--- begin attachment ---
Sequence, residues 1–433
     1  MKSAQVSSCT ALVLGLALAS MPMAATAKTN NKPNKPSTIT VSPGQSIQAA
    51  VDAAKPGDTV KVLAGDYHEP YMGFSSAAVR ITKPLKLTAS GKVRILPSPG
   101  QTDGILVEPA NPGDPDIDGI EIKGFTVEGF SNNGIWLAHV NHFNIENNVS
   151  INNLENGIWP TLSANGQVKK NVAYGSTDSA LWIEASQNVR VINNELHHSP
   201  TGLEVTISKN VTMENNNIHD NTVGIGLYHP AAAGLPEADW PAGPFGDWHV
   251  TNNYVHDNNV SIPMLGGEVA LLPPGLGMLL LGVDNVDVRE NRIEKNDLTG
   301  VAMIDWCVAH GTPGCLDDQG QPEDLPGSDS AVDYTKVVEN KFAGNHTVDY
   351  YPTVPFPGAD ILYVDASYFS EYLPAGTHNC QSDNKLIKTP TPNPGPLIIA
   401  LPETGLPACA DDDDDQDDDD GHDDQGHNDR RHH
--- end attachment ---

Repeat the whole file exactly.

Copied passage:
Sequence, residues 1–433
     1  MKSAQVSSCT ALVLGLALAS MPMAATAKTN NKPNKPSTIT VSPGQSIQAA
    51  VDAAKPGDTV KVLAGDYHEP YMGFSSAAVR ITKPLKLTAS GKVRILPSPG
   101  QTDGILVEPA NPGDPDIDGI EIKGFTVEGF SNNGIWLAHV NHFNIENNVS
   151  INNLENGIWP TLSANGQVKK NVAYGSTDSA LWIEASQNVR VINNELHHSP
   201  TGLEVTISKN VTMENNNIHD NTVGIGLYHP AAAGLPEADW PAGPFGDWHV
   251  TNNYVHDNNV SIPMLGGEVA LLPPGLGMLL LGVDNVDVRE NRIEKNDLTG
   301  VAMIDWCVAH GTPGCLDDQG QPEDLPGSDS AVDYTKVVEN KFAGNHTVDY
   351  YPTVPFPGAD ILYVDASYFS EYLPAGTHNC QSDNKLIKTP TPNPGPLIIA
   401  LPETGLPACA DDDDDQDDDD GHDDQGHNDR RHH